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Scott J. Richardson, Michael E. Splitt, and Barry M. Lesht

Abstract

This work describes in situ moisture sensor comparisons that were performed in conjunction with the first Water Vapor Intensive Observation Period (IOP) conducted at the Atmospheric Radiation Measurement (ARM) Program Southern Great Plains (SGP) Cloud and Radiation Testbed (CART) site during September of 1996. Two Raman lidars, two Atmospheric Emitted Radiance Interferometers, (AERIs), and a suite of 13 microwave radiometers were assembled at the CART site during the IOP, and in situ measurements were used for calibration and verification. In addition, this work was meant to help assess the current observing strategy in an effort to make improvements to the routine continuous measurements. To accomplish these goals, verification of the in situ measurements was required. Therefore, a laboratory intercomparison of the in situ moisture sensors (nine capacitive chip relative humidity sensors and four chilled mirror sensors) was performed at the Oklahoma Mesonet temperature and relative humidity testing and calibration facility. Tests were conducted both before and after the instruments were used in the IOP, making it possible to detect instrument problems prior to the IOP and to determine if instrument failure or drift occurred during the IOP.

Preliminary results comparing in situ moisture measurements with remotely sensed atmospheric moisture will be presented and additional applications will be discussed.

As a consequence of this work, modifications were made to the ARM CART calibration procedures, and there are now redundant temperature and relative humidity measurements so that sensor drift or calibration errors may be detected. These modifications to the observation and calibration strategy led to improvements in the continuous routine measurements at the ARM CART site.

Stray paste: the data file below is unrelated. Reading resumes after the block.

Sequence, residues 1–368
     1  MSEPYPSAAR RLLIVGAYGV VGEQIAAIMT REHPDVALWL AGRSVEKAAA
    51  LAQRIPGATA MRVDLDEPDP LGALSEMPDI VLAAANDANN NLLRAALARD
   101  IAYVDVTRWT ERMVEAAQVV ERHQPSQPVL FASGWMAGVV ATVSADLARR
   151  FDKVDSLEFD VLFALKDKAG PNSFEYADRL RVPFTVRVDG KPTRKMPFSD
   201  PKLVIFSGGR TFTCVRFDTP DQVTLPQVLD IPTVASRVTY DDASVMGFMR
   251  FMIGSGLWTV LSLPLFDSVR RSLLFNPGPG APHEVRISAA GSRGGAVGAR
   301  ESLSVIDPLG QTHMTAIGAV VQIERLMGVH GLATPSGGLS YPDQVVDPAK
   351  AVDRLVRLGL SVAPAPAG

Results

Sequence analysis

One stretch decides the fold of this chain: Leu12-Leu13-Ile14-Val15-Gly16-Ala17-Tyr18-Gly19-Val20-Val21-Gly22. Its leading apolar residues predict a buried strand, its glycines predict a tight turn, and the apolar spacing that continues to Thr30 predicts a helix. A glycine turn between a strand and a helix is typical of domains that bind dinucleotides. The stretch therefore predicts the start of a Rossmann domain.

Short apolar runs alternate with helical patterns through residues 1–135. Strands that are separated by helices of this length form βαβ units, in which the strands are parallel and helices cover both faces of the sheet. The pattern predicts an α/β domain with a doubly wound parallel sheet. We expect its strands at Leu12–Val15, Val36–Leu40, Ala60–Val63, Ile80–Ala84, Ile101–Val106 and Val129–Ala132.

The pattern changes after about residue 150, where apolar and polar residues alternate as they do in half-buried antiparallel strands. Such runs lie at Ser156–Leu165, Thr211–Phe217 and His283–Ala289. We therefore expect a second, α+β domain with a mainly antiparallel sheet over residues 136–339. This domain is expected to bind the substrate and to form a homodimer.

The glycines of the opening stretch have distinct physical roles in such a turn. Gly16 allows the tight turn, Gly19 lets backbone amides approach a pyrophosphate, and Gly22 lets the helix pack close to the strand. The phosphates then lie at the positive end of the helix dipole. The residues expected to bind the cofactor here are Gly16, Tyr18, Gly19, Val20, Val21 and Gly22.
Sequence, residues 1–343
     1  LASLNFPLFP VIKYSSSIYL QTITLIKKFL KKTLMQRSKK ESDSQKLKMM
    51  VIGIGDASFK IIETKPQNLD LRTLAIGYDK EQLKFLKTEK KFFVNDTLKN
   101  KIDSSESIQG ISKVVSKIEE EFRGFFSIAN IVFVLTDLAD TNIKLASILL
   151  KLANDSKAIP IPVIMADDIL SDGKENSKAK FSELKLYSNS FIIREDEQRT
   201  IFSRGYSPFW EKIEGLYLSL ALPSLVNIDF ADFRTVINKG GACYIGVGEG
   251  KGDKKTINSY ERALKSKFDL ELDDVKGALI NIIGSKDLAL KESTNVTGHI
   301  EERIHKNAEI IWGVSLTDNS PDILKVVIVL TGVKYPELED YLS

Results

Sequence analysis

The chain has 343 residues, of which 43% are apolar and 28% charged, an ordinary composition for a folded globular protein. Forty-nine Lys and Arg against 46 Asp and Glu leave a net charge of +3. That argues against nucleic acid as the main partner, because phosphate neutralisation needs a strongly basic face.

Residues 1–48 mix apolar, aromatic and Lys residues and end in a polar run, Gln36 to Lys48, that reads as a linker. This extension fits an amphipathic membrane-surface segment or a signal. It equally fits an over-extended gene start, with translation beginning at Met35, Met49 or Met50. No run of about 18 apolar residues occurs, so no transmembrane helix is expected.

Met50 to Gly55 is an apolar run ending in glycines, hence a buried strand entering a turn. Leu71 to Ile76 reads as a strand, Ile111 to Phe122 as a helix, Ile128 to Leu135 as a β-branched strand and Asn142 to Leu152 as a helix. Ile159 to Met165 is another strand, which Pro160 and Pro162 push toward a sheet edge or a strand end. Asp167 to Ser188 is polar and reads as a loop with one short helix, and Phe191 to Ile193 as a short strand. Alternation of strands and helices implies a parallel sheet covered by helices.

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Bryan P. Holman, Steven M. Lazarus, and Michael E. Splitt

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This paper presents a method to bias correct and downscale wind speed over water bodies that are unresolved by numerical weather prediction (NWP) models and analyses. The dependency of wind speeds over water bodies to fetch length is investigated as a predictor of model wind speed error. Because model bias is found to be related to the forecast wind direction, a statistical method that uses the forecast fetch to remove wind speed bias is developed and tested. The method estimates wind speed bias using recent forecast errors from similar stations (i.e., those with comparable fetch lengths). As a result, the bias correction is not tied to local observations but instead to locations with similar land–water characteristics. Thus, it can also be used to downscale wind fields over inland and coastal water bodies. The fetch method is compared to four reference bias correction methods using one year’s worth of wind speed output from three NWP analyses in Florida. The fetch method yields a bias error near zero and results in a reduction of the mean absolute error that is comparable to the reference methods. The fetch method is then used to bias correct and downscale a coarse analysis to 500-m grid spacing over a coastal estuary in central Florida.